The world’s oldest rougheye rockfish
Was caught off Alaska, in July of 2013.
You were 212, they later found out:
Your eyes were bulgy and cold,
Pupils like black pebbles in a shallow glass of milk.
He held you up, that fisherman did,
(The article said he was from Seattle)
With cheeky lips that ran up to his glasses,
As he stretched that yellow measuring tape
To consummate the whole thing.
There was probably something in the pageantry
That attracted our fish friend—
After two hundred and twelve years
Sitting at the bottom of that cold reef,
Older than all his cohabitants,
(The others had all taken the bait)
His children all grown up and doing well for themselves—
He’d spend his days sitting in leather kelp armchairs,
Watching that silent underwater world go by.
You lived longer because you were smarter,
My old rougheyed rockfish friend.
There was something exceptional about you—
Something you’d figured out in all those years
That finally made you bite that hemlock baitfish.
That’s more than we can say for that quahog clam
They scooped off the shelf of Iceland—
400 years old, it was, at the time of its death.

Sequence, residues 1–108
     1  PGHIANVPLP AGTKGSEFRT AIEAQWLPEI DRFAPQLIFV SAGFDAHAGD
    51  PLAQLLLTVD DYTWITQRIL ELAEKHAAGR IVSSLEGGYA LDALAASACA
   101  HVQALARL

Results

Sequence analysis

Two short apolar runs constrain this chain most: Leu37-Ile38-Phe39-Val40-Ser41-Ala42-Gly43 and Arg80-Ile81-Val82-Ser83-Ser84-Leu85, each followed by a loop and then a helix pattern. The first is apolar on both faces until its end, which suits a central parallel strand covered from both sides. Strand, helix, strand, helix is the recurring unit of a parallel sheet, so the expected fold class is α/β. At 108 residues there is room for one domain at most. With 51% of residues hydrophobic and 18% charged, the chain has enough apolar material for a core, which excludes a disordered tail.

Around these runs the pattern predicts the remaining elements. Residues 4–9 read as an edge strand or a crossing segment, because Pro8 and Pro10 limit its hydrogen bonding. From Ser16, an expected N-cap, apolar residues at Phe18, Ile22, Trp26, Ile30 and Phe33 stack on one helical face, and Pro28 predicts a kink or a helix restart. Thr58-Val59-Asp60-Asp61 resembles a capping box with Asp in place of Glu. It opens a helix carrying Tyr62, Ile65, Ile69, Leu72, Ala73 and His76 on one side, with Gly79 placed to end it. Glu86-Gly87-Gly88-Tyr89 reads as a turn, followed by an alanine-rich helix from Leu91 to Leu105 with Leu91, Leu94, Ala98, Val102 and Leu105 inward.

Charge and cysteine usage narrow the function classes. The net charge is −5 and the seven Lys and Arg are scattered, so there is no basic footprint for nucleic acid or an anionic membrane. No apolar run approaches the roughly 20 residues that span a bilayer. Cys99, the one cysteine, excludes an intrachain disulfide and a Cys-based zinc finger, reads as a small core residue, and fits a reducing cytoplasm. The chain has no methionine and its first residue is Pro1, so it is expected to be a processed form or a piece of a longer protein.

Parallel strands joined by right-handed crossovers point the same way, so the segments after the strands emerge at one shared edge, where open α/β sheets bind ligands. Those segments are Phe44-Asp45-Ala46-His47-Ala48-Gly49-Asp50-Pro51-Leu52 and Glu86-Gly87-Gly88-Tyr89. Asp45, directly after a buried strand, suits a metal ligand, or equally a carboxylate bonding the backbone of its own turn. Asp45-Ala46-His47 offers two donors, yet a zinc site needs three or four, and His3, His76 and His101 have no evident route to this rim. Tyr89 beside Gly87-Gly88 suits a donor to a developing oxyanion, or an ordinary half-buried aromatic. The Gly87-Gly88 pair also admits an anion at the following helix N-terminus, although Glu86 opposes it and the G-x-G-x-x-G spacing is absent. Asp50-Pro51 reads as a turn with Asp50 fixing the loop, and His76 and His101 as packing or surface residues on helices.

But that quahog clam didn’t have any choice,
And besides, being a bottom feeder is a boring business.
No; you, my fuchsia friend, decided your years were enough;
You’d seen all you needed to see with those big Homeric eyes;
Or maybe you’d felt the ocean temperatures begin to rise;
Or you’d tasted all the best sashimi—the freshest there could be—
The type they put a premium on and sell
For thousands of dollars to Le Boissonnerie in Paris.
But nobody’s going to eat you—you’re far too old for that—
Your centuries of thought have toughened your hide
And made you inedible, much more than mere meat.
So we’ll drink to you, and your life, my fine fish friend,
And ponder a little (with a nice Chablis) your moment of triumph,
And how, being caught, you gained the greatest gift
mankind can bestow: momentary immortality.